The vaccine issue reflects a political game. The SAR government under Carrie Lam's leadership, through its political and business relations on the Mainland, has announced that it has reached an agreement with two vaccine manufacturers, including China's 7.5 million doses developed in China and supplied by Sinovac Biotech, and 7.5 million doses produced by China's Fosun Pharmaceutical in collaboration with a foreign pharmaceutical company (BioNTech of Germany). Carrie Lam obviously hopes that this good news will lift people's spirits and restore their hope for Hong Kong's future, thus facilitating her bid for re-election.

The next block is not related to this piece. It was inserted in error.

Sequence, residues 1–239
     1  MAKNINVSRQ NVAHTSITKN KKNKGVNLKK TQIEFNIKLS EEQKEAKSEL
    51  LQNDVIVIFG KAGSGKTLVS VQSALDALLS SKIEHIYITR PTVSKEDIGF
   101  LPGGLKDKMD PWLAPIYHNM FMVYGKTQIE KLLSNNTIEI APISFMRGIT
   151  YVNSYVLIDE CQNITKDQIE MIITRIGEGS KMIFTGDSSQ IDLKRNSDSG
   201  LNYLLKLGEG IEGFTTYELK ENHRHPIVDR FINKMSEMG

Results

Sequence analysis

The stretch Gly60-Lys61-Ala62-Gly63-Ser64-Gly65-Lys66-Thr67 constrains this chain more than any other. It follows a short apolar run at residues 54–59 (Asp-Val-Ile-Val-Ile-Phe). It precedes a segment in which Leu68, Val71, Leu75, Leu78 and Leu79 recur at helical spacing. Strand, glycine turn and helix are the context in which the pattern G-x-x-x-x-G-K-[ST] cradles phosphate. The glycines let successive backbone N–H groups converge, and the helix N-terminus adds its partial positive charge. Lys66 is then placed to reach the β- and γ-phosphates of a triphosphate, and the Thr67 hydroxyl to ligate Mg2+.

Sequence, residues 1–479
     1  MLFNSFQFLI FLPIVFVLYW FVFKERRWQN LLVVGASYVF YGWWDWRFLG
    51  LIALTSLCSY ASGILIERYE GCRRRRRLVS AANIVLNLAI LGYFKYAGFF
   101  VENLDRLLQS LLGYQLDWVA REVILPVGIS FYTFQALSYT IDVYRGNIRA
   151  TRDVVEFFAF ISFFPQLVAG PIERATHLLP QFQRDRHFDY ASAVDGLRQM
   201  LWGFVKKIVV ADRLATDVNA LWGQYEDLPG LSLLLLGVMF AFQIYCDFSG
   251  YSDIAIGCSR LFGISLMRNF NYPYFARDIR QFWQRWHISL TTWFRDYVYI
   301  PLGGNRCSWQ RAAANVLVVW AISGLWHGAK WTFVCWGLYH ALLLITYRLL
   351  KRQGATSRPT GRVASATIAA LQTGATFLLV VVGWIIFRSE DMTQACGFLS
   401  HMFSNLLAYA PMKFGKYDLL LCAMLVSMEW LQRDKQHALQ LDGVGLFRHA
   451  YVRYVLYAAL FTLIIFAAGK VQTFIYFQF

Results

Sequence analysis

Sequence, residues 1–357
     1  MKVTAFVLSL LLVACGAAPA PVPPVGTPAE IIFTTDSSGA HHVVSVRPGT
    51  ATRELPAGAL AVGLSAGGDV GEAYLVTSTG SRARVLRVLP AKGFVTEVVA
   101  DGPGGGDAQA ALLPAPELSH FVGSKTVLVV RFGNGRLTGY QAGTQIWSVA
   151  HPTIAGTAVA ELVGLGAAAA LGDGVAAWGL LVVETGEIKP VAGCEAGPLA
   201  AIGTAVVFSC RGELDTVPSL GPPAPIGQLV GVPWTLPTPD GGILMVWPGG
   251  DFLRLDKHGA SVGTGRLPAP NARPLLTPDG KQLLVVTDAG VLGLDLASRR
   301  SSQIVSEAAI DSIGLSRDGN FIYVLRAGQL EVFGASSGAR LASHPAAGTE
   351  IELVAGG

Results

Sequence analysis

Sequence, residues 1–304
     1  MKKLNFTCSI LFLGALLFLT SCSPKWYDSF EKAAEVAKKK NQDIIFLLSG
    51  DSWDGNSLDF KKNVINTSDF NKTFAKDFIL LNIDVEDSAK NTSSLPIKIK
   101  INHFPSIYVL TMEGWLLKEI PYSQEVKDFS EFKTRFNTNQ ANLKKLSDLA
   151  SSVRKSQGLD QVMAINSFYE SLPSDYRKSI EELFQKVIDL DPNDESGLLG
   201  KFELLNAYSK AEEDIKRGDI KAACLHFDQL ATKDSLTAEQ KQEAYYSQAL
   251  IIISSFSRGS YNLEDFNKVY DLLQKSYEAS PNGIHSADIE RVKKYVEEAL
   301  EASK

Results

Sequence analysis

However, the public is concerned about whether the vaccine is really effective. Will there be any side effects? As the vaccines procured are both developed and manufactured in China, and there are also vaccines that are allegedly produced overseas through Sino-foreign collaboration, it is natural for the public to compare which is better. If the majority of people wait for or rush to buy foreign vaccines and do not bother to use the Chinese vaccines provided by the government for free, then what about China's dignity? If the public is not given a choice and the government distributes the vaccines centrally, it will lead to disputes over how to distribute the vaccines, and will patriotic political groups then collectively inject the vaccines to show their loyalty? If no proper solution is found to these political problems of implementation, the political calculations of restoring confidence and relaunching the economy with vaccines may not work.